Women and Music in Offenbach's Les Contes d'Hoffmann
In a lively exploration of Jacques Offenbach's final masterpiece, Heather Hadlock shows how Les Contes d'Hoffmann summed up not only the composer's career but also a century of Romantic culture. A strange fusion of irony and profundity, frivolity and nightmare, the opera unfolds as a series of dreamlike episodes, peopled by such archetypes as the Poet, the Beautiful Dying Girl, the Automaton, the Courtesan, and the Mesmerist. Hadlock shows how these episodes comprise a collective unconscious. Her analyses touch on topics ranging from the self-reflexive style of the protagonist and the music, to parallels between nineteenth-century discourses of theater and medical science, to fascination with the hysterical female subject.
Les Contes d'Hoffmann is also examined as both a continuation and a retraction of tendencies in Offenbach's earlier operettas and opéra-comiques. Hadlock investigates the political climate of the 1870s that influenced the composer's vision and the reception of his last work. Drawing upon insights from feminist, literary, and cultural theory, she considers how the opera's music and libretto took shape within a complex literary and theatrical tradition. Finally, Hadlock ponders the enigmas posed by the score of this unfinished opera, which has been completed many times and by many different hands since its composer's death shortly before the premiere in 1881. In this book, the "mad loves" that drive Les Contes d'Hoffmann--a poet's love, a daughter's love, erotic love, and fatal attraction to music--become figures for the fascination exercised by opera itself.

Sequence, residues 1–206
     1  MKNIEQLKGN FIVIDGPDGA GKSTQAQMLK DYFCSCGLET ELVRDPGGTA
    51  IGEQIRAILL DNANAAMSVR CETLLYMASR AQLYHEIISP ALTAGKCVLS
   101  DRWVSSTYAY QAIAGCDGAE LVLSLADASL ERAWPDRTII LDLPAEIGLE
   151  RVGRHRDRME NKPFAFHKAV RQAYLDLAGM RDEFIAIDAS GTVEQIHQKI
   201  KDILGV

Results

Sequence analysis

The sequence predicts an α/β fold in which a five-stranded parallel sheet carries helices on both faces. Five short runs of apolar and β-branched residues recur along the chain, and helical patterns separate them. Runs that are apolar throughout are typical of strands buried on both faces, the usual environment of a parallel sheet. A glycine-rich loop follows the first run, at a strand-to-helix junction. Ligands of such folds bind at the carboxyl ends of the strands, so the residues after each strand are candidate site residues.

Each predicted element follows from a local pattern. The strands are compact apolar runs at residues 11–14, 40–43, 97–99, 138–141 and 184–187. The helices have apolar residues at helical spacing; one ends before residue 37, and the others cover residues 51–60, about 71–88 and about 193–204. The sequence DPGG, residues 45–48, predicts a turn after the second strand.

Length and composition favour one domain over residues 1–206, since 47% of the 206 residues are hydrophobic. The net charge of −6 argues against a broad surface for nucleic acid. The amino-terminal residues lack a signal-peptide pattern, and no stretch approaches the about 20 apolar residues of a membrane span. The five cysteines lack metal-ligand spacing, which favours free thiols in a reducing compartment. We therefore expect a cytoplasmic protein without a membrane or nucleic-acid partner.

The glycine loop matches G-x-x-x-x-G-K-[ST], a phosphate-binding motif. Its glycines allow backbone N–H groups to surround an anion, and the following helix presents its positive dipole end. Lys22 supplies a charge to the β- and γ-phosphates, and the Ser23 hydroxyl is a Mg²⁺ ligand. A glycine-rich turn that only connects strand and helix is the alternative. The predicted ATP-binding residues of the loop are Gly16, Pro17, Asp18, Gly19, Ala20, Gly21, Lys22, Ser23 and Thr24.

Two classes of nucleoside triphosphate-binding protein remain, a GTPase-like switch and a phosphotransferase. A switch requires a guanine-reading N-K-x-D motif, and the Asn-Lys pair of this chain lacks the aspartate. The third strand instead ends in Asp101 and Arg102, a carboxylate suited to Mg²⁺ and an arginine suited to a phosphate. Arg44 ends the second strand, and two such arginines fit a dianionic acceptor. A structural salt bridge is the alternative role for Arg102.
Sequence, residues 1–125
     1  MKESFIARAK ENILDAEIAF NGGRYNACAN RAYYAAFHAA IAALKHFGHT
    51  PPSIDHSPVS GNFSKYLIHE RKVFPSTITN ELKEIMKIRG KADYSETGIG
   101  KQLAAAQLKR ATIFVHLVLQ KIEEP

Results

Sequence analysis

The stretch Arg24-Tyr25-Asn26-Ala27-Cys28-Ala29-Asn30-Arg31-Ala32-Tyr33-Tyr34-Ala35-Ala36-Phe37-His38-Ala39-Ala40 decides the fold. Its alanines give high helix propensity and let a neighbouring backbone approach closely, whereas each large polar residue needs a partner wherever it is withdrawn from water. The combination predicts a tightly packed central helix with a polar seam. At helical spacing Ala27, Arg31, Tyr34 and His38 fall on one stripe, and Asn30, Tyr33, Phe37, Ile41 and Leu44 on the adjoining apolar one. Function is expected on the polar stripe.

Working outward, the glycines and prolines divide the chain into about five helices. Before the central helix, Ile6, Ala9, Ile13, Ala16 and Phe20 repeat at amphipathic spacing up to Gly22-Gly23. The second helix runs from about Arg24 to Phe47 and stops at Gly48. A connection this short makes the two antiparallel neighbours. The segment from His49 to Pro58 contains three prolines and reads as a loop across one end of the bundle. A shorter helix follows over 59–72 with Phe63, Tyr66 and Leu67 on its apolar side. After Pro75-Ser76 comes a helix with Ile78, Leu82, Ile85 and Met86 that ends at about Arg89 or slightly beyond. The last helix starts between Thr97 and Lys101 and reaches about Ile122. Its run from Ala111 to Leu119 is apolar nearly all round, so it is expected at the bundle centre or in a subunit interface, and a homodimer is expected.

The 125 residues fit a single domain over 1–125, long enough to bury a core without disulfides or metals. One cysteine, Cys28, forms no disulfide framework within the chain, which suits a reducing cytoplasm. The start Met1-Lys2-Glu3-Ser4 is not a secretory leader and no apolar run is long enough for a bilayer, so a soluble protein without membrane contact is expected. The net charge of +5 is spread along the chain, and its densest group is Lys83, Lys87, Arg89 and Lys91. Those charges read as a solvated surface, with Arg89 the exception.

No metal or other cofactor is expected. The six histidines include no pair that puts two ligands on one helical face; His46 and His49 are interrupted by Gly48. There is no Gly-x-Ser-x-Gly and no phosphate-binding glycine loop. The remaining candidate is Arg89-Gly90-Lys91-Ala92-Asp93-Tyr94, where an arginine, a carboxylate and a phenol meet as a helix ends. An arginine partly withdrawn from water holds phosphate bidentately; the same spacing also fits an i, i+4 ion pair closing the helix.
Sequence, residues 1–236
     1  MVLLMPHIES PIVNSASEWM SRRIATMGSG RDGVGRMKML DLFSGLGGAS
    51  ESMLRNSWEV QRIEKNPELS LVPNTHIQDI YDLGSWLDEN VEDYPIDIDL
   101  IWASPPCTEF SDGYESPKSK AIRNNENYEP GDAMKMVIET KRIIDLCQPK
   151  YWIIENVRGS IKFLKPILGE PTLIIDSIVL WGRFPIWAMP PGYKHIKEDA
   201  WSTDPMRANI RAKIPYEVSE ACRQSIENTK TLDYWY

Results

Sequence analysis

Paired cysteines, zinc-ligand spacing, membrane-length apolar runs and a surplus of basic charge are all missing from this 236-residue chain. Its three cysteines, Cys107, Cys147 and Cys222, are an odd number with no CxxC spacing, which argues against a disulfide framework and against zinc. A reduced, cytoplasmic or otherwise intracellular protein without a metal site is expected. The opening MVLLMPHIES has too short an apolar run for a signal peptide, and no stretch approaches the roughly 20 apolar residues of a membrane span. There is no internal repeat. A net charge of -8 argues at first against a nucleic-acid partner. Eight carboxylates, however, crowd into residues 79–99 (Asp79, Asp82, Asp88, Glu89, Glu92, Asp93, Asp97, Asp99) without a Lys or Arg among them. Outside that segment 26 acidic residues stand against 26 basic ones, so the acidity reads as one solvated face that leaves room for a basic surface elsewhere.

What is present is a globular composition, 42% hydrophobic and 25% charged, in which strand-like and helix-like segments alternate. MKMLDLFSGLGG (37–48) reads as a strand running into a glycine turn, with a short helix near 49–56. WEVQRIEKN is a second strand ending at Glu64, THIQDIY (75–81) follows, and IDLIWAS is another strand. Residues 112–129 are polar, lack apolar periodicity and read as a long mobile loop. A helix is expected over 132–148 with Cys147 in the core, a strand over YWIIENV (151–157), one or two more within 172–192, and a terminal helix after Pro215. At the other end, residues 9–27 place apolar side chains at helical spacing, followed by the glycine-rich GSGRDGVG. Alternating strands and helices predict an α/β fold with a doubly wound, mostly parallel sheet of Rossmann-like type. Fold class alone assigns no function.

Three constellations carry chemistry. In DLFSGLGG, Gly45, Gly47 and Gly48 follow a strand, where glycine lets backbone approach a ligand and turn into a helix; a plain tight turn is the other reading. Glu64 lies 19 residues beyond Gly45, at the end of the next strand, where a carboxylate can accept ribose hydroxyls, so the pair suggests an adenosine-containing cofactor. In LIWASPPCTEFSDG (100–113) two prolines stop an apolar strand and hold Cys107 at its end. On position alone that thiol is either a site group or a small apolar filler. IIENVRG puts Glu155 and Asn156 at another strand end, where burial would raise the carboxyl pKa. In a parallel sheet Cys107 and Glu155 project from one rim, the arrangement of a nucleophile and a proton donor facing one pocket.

Heather Hadlock is Assistant Professor of Musicology at Stanford University.